But the group will not be producing its own economic impact and tax impact numbers related to the proposed project.

“I am guessing the council doesn’t have an appetite for spending $25M on its own professionals, or $5 million or $1 million or half a million,” committee chair Bob Mendes said in the group’s planning meeting. “So we’re, necessarily, going to have to rely on information from others on that. I assume we’re going to hear about that. When we’re going to get presented with an actual deal, there’s going to be a list of income streams and a look forward on what it generates over time. Sources and uses.

Read More

White County and Tellico Village Public Libraries Both Receive TOP Grants for Technology Upgrades

Two Tennessee libraries recently received Training Opportunities for the Public (TOP) grants for technology upgrades, according to press releases by the Tennessee Secretary of State’s office.

Read More

Memphis Officials Silent After Vowing Not to Enforce State Abortion Law

Officials in the city of Memphis are silent after the City Council pledged not to follow Tennessee’s law restricting abortions, which takes effect in August and would make performing an abortion a felony offense for doctors. 

Tuesday, Councilman JB Smiley introduced a resolution Reproductive Autonomy Is Necessary (RAIN) Act, which was subsequently passed by a vote of 6-0, with two members of the City Council abstaining. 

Read More

Sheriff Candidate Dawanna Witt Wants to Raise Pay for Prison Inmates

A Democratic candidate for Hennepin County sheriff said she thinks it’s a “good idea” to give inmates more money for their labor in prison.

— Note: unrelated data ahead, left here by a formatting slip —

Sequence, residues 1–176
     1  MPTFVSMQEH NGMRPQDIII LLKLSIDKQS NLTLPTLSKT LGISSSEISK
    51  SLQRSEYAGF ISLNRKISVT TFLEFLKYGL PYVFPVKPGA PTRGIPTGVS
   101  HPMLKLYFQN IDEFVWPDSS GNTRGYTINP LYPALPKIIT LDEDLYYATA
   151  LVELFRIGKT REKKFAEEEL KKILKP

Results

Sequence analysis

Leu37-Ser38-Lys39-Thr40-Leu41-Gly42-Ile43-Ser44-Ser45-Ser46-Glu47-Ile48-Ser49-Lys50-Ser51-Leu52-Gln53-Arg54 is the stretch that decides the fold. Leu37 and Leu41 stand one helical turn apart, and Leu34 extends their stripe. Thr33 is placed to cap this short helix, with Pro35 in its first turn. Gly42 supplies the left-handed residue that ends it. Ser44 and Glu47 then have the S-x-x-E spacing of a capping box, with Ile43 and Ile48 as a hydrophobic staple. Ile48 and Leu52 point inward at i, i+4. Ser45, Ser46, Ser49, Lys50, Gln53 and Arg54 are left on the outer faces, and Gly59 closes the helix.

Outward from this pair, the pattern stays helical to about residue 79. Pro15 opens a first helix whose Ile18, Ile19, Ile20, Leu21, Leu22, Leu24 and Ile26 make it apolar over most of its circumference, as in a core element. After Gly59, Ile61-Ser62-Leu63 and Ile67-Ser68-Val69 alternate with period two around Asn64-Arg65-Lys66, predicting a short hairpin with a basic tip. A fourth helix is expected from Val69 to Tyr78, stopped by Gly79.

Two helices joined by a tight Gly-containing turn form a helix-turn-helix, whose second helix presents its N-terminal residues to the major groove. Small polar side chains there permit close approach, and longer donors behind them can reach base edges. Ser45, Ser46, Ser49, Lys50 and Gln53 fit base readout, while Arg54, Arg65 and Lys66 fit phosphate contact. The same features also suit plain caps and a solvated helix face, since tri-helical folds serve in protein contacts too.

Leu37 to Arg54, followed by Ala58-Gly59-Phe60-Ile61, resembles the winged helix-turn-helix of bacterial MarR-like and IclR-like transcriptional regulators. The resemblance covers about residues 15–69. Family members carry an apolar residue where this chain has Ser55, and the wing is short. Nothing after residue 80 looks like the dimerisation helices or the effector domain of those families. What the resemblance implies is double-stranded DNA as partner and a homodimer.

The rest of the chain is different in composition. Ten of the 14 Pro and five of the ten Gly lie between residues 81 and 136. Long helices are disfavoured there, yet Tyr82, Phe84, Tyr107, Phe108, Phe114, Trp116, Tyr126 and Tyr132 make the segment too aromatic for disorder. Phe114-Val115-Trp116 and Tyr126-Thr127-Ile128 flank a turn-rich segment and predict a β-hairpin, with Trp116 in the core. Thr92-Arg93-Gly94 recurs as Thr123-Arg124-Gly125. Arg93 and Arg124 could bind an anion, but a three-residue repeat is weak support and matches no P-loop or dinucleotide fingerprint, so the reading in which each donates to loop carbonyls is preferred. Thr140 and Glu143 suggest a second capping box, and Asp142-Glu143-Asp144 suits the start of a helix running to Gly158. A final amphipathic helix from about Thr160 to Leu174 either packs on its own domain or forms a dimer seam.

Dawanna Witt, who currently serves as a major in the Hennepin County Sheriff’s Office, appeared on an episode of “Address It” earlier this month.

Read More

Akron, Ohio Mayor Ends Downtown Curfew

Akron, OH Mayor Dan Horrigan (D) Sunday lifted the curfew he imposed on his city’s downtown area on the Fourth of July. 

The restriction applied between 10 p.m. and 6 a.m. and affected Akron residents encircled by Route 59, Interstate 76 and Route 8. The mayor gave his initial emergency order two Mondays ago after anti-police protests turned violent and severely damaged Main Street businesses. 

Read More

Reps. Wittman, Luria Support House Passage of FY23 NDAA, Most Virginia Republicans Voted ‘Nay’

The House of Representatives passed the Fiscal Year 2023 National Defense Authorization Act (NDAA) with added funding after Virginia Representatives Rob Wittman (R-VA-01) and Elaine Luria (D-VA-02) blasted the administration’s original military spending proposals for not including a large enough budget and for planning to decommission some ships. Wittman was the only Virginia Republican voting in favor of the bill after the House Freedom Caucus criticized it the day before the vote.

After passage of the NDAA on Thursday, Wittman praised it in a press release: “In today’s increasingly divided political world, today’s passage of the NDAA is encouraging proof that Congress can still work together for the greater good of our nation. This year’s NDAA does right by our servicemembers and their families, reverses Biden’s reckless defense cuts, counteracts Biden’s harmful inflation, provides the resources we need to deter Chinese aggression, and protects our homeland.”

Read More

Pennsylvania Toughens DUI Sentences

Pennsylvania state Reps. Craig Williams (R-Chadds Ford) and Chris Quinn (R-Media) on Friday lauded area lawmakers and activists for their work toward enactment of “Deana’s Law” which toughens drunk-driving sentences.

The new act is named after Deana DeRosa Eckman, a 45-year-old Delaware County resident who died in a February 2019 car collision caused by six-time Driving-Under-the-Influence (DUI) offender David Strowhouer in Upper Chichester Township. Strowhouer had a blood-alcohol content of 0.199, more than twice the level the commonwealth permits, and was driving 80 miles per hour before striking Eckman’s vehicle head-on.